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North Carolina religious conservative backed by Jewish doves, attacked by Israel hawks

Rep. Walter Jones (R-NC) speaks during a press conference on a bill that would make public 28 pages, currently classified, that were removed from the congressional investigation's report on the terrorist attacks on September 11, 2001. (T.J. Kirkpatrick/Getty Images)

Rep. Walter Jones (R-N.C.) speaks during a press conference on a bill that would make public 28 pages, currently classified, that were removed from the congressional investigation’s report on the terrorist attacks on Sept. 11, 2001. (T.J. Kirkpatrick/Getty Images)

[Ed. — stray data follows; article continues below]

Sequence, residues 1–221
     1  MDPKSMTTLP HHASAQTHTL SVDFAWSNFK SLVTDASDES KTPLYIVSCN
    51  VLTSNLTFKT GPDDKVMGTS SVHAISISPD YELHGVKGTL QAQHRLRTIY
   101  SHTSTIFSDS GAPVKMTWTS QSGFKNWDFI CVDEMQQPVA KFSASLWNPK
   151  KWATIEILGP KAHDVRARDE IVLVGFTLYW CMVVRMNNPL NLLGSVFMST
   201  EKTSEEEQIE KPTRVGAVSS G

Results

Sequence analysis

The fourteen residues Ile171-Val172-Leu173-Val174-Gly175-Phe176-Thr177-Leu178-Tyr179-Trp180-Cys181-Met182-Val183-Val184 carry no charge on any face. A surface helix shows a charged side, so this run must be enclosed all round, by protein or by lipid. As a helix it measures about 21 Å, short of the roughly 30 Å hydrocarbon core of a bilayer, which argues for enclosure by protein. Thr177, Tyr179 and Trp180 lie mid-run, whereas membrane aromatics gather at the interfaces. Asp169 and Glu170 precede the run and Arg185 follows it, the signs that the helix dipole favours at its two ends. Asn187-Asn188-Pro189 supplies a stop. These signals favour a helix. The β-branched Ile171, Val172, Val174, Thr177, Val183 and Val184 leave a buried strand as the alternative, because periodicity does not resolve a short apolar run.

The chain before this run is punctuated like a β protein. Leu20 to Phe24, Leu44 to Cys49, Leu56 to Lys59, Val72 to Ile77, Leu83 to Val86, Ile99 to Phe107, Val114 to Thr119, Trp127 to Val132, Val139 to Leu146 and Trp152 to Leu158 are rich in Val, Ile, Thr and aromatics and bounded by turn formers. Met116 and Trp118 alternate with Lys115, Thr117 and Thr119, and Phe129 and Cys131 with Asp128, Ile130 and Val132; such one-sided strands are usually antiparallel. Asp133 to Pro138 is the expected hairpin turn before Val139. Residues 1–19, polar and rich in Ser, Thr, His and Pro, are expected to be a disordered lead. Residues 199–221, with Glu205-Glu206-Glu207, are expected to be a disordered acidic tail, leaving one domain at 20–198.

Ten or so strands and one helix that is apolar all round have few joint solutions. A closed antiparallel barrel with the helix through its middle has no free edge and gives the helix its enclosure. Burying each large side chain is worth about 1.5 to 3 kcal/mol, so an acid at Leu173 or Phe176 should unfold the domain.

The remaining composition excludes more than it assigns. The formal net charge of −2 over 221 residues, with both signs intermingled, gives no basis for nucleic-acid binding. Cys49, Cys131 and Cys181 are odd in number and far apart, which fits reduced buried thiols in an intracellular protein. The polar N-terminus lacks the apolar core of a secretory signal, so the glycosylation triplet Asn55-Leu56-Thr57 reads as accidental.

WASHINGTON (JTA) – Rep. Walter Jones wants his constituents to know that advocates of secularism don’t like him.

“In their newly released scorecard, the Secular Coalition for America gave Walter Jones the lowest score of any member of Congress because he constantly voted to protect Judeo-Christian values,” stated a recent press release  featured prominently on the official U.S. House of Representatives website of Jones, a North Carolina Republican.

While Jones is boasting about his cultural conservative bona fides, in his reelection race he is being accused of liberalism.

“Congressman Walter Jones once was a conservative, but he’s changed,” says an ad set to run hundreds of times in his coastal North Carolina district and paid for by the Emergency Committee for Israel. “Today he’s the most liberal Republican in Congress.”

One of Jones’ sins, according to ECI,  a group co-founded by neoconservative journalist William Kristol in 2010, is accepting the endorsement of J Street, the dovish Israel policy group.